The chart shows little correlation between farm income and Farmer Mac chargeoffs. The two prior times that farm income fell, Farmer Mac’s chargeoff rate averaged 6-8 bp of loans outstanding. But during the past five years of relatively weak income, chargeoffs were near zero. Farmer Mac’s loan losses are far less a function of the farm economy and far more a function of excellent lending standards and federal government financial subsidies to the agricultural sector. For example, from the September 23, 2020 New York Times:
“The House approved a stopgap spending bill…agreeing to include tens of billions of dollars in additional relief for struggling farmers and for nutritional assistance.”
Zillow has three businesses:
Zillow hasn’t specifically put out any information of interest recently. But remember that Zillow needs miraculous growth to justify its stock price. Not only must Zillow management keep making all the right moves, but they need markets to stay strong and competitors to be weak. And that is where the latest data points are unsettling.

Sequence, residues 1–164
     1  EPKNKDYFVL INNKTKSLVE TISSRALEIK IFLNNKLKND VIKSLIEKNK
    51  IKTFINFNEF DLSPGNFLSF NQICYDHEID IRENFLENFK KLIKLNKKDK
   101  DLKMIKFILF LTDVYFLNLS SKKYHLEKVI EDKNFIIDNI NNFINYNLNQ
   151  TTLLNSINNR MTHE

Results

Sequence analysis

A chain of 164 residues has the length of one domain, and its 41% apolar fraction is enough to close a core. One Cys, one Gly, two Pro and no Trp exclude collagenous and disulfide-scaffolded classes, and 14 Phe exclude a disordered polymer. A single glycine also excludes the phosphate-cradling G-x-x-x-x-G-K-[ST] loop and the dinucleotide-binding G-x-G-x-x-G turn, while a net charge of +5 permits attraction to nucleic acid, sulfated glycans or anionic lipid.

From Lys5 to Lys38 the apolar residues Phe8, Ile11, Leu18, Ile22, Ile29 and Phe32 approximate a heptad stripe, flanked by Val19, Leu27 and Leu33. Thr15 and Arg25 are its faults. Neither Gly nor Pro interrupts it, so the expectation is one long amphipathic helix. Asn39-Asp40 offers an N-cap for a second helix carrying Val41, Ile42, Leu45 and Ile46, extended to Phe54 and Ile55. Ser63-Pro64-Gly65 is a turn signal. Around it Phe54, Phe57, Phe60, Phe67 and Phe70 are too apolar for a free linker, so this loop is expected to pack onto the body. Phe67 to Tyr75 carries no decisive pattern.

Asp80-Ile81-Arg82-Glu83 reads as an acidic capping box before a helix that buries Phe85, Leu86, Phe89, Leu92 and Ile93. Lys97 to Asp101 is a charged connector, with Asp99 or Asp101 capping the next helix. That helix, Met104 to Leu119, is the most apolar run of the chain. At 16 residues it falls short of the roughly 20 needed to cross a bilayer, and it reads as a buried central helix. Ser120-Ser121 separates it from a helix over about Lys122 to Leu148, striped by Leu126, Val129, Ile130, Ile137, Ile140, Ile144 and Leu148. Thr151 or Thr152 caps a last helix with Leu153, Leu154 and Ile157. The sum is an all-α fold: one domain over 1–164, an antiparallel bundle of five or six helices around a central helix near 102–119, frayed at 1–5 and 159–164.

The volume of home sales is key to both the ad and home-flipping businesses. Home sales have recently been strong as COVID has incented U.S. households to relocate to the suburbs and home offices. But Fannie Mae’s September forecast expects total home sales (new and resales) to rise by only 1% this year and 2% next year. Long term doesn’t even look that good. U.S. population growth is down to 0.5%, which doesn’t bode well for future new housing demand.
Mortgage originations are key for Zillow’s mortgage banking business. The good news is that the same Fannie Mae report says that Q2 originations of $1.2 trillion were double a year ago, driven by refinancing taking advantage of record-low mortgage interest rates. But Fannie knows that soon everyone who wants to refinance at these rates will have done so. Therefore, it expects that by Q4 of ’21, mortgage originations will be back at $0.6 trillion.
I haven’t seen anything new on ad competitors. But that is not the case in the home flipping business. The big news came from competitor Opendoor:
“Opendoor, a Leading Digital Platform for Residential Real Estate, Announces Plans to Become Publicly-traded via Merger with Social Capital Hedosophia. Opendoor has reinvented how people buy and sell a home with its simple, digital and on-demand experience The transaction will enable Opendoor to continue to invest in growth, market expansion and new products that will accelerate Opendoor’s plan to become a digital one-stop shop for homeowners. The transaction values Opendoor at an enterprise value of $4.8 billion, and is expected to provide up to $1.0 billion in cash proceeds…”